28 May 2018
When working with Hadoop Framework ,there are many challenges and difficulties in dealing with large data sets. Whether you store data in HDFS or any other formats ,main challenge is that massive data volumes can cause I/O and network related bottlenecks. In this blog i will explain the main problems that comes with data volumes and how data compression can be used to eliminate these problem in Hadoop jobs.
In data intensive hadoop workloads,I/O operation and network data transfer takes considerably long amount of time to complete.In addition to this, internal MapReduce “Shuffle” process is also under huge I/O pressure as it has to often “spill out” intermediate data to local disks before advancing from Map phase to Reduce Phase.
For any Hadoop cluster Disk I/O and network bandwidth are considered as a precious resource ,which should be allocated accordingly.So use of compressed files for storage not only saves disk space ,but also speed ups the data transfer across the network .Also when running a large volume MapReduce jobs ,combination of data compression and decreased network load brings a significant performance improvements as the I/O and network resource consumptions are reduced throughout the MapReduce process pipeline.
Using data compression in hadoop framework is usually a tradeoff between I/O and speed of computation.When enabled compression ,it reduces I/O and network usage.Compression happens when the MapReduce reads the data or when it writes it out.
When MapReduce job is fired up against compressed data ,CPU utilization generally increases as data must be decompressed before the files can be processed by the Map and Reduce Tasks .Because of this ,decompression usually increases the time of the job .However ,it has been found that in many cases,overall job performance improves when compression is enabled in multiple phases of job configuration.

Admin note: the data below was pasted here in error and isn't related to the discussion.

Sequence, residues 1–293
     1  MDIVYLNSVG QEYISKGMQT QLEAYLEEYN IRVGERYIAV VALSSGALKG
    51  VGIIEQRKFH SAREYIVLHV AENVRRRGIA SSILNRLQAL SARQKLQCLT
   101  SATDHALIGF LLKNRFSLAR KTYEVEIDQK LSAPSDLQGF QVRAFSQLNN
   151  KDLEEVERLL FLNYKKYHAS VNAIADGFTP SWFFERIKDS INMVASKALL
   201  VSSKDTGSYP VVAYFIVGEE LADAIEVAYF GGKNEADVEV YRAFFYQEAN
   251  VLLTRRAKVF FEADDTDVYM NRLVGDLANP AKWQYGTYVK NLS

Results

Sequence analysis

Hadoop framework supports many compression format for both input and output data.A compression format or a codec(coder-decoder) is a set of compiled ,ready to use Java libraries that a developer can invoke programmatically to perform data compression and decompression in MapReduce job.Each of these codec implements an algorithm for compression and decompression and also has different characteristics.
Among the different data compression format ,some are splittable ,which can further enhance performance when reading and processing large compressed files .So when a single large file is stored in HDFS ,it is splitted into many data blocks and distributed across many nodes.If the file has been compressed by using the splittable algorithms ,data blocks can be decompressed in parallel by using several MapReduce tasks.However ,if the file has been compressed by a non-splittable algorithm ,Hadoop must pull at blocks together and use a single MapReduce task to decompress them .
Some of the compression techniques are explained below:
DEFLATE is a compression algorithm whose standard implementation is zlib. There is no commonly available command-line tool for producing files in DEFLATE format, as gzip is normally used. (Note that the gzip file format is DEFLATE with extra headers and a footer.) The
.deflate filename extension is a Hadoop convention
Gzip(GNU zip) is a compression utility adopted by GNU project which generates compressed files.It is naturally supported by Hadoop. It is based on the DEFLATE algorithm, which is a combination of LZ77 and Huffman Coding.
Gzip provides very good compression performance. In compared to Snappy, it provides about 2.5 times more compression. But it’s write speed is not as good as Snappy’s.
(on average, about 2.5 times the compression that’d be offered by Snappy), but its write speed performance is not as good as Snappy’s (on average, it’s about half of Snappy’s). Gzip usually performs almost as well as Snappy in terms of read performance. Gzip is also not splittable, so it should be used with a container format. Note that one reason Gzip is sometimes slower than Snappy for processing is that Gzip compressed files take up fewer blocks, so fewer tasks are required for processing the same data. For this reason, using smaller blocks with Gzip can lead to better performance.